"When you look at $60 million, that's nice new desks, bigger hallways, a state-of-the-art facility, and that's nice. But you're also pulling people out of a job market (opportunities in Harrisburg and Washington), taking them away from possibly boosting their (rankings)," he said. "It doesn't make any sense to build a new school when they can't raise their rankings. There are a lot of problems going on there that have nothing to do with elbow room."
Students at the law school appeared no more happy with the idea of relocating to State College than did Carlisle officials.
First-year student Jessica Bowman said the campus is perfectly settled and allows students to gain job experience at local law offices, as well as in Harrisburg and Washington.
"All the qualities that made the school stand out for students here and in the future will go by the wayside (if it moves). Faculty will be stretched out," said Bowman, who commutes 30 minutes to class every day from East Berlin.
"The part I don't like is the sneakiness that's taking place to try to push it through," she said. "If it moves, I won't donate a penny."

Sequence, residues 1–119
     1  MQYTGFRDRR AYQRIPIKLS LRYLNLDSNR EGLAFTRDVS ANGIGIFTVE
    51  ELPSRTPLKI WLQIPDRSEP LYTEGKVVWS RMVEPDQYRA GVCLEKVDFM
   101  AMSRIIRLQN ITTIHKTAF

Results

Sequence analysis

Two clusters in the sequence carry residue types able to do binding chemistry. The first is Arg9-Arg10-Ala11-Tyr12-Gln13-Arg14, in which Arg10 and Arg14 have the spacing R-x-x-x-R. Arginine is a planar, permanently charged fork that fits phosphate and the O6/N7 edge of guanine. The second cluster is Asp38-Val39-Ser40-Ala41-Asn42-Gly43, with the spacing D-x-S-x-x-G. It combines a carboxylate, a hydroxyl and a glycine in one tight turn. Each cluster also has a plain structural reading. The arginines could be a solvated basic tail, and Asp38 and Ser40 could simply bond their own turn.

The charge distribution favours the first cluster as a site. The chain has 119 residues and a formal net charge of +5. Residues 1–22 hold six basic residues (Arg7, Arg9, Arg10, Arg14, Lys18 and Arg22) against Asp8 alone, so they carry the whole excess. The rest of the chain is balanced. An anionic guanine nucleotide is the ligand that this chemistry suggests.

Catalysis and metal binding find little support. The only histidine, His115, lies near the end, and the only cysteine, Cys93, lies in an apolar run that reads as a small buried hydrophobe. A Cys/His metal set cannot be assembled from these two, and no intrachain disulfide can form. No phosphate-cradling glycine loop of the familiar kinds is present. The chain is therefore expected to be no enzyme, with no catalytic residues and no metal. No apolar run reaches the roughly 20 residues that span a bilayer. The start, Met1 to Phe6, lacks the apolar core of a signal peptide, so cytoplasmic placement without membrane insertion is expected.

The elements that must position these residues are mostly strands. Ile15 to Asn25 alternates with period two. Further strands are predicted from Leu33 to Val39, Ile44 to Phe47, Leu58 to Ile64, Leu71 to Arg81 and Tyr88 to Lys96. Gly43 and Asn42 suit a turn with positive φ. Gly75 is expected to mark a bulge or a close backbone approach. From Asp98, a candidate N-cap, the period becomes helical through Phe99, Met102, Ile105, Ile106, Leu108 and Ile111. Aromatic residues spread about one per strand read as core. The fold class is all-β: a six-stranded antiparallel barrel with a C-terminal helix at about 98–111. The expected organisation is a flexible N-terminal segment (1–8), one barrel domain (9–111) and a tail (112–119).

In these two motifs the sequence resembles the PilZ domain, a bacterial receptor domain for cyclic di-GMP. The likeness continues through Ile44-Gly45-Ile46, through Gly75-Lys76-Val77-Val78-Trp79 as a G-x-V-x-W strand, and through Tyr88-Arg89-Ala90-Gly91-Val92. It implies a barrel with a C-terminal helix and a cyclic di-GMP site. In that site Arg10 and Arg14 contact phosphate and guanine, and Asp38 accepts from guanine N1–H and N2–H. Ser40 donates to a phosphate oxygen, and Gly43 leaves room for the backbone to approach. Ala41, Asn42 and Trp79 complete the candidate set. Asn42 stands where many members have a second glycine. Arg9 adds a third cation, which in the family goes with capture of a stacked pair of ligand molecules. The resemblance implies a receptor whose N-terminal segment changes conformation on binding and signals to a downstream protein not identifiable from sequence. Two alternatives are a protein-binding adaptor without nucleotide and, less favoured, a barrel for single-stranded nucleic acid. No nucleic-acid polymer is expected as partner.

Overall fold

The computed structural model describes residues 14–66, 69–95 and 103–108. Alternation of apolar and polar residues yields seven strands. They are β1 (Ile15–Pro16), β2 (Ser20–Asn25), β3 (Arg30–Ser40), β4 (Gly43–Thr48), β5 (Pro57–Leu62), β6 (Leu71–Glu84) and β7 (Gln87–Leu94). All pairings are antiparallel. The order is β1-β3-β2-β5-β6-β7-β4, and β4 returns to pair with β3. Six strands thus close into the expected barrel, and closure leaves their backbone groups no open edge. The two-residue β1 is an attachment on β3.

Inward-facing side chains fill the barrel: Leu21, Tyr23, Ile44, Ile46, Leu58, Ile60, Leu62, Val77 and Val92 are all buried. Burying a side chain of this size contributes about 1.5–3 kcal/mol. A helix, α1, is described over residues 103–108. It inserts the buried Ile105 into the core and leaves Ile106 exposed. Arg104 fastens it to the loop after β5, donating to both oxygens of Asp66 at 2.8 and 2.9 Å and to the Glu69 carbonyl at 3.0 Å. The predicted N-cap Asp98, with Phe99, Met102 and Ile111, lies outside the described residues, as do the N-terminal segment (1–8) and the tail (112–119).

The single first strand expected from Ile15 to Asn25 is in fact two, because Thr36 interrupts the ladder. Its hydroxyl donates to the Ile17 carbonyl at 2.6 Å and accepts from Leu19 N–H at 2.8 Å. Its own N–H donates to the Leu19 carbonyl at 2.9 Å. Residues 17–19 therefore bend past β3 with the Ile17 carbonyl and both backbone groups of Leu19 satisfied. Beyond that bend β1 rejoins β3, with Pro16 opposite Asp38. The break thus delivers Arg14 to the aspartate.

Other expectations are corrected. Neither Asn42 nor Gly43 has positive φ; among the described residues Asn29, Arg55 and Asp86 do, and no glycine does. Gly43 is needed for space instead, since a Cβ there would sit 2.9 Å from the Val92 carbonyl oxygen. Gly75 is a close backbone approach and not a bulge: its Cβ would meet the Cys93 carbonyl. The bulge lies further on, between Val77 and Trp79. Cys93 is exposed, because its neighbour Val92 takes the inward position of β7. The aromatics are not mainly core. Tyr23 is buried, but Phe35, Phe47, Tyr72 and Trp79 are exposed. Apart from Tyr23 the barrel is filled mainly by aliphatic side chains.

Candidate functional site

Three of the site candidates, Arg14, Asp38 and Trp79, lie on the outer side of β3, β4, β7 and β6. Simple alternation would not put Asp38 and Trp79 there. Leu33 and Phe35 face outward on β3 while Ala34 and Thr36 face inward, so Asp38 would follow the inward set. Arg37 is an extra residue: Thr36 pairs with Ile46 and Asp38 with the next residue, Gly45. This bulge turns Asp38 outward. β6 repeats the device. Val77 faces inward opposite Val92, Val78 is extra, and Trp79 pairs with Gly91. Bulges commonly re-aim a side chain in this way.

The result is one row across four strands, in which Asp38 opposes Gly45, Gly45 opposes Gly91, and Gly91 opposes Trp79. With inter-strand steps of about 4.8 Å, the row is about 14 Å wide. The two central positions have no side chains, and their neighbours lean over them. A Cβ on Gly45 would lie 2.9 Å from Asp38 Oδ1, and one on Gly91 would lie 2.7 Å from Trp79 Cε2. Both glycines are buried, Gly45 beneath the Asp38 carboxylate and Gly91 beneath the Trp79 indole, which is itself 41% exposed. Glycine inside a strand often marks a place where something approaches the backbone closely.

Bowman may have a point. The bar associations located in Dauphin and Cumberland counties claim a total of more than 1,700 members. The Centre County Bar Association has about 180 members, according to its Web site.
Bowman's concern was shared by fellow first-year student Tim Wachter, of Erie.
"I'm ticked off by the news," he said. "Why would someone apply if they know they will have to pick up and move? Why would someone hire a student who boasts about their externship when our chief spokesman is bashing the program?"
Second-year student Brad Meyer, from Cleveland, said being in Carlisle is better.
"It has less distractions," he said. "It's a good move overall, but it presents problems for students being on a college campus instead of being secluded in Carlisle."
However, Zach Bloom, a second-year student from Haverford, said the move is probably "inevitable."
"Dickinson has to move to grow," he said. "Penn State merged with them to get a law school, and you can't be a top-tier law school in Carlisle."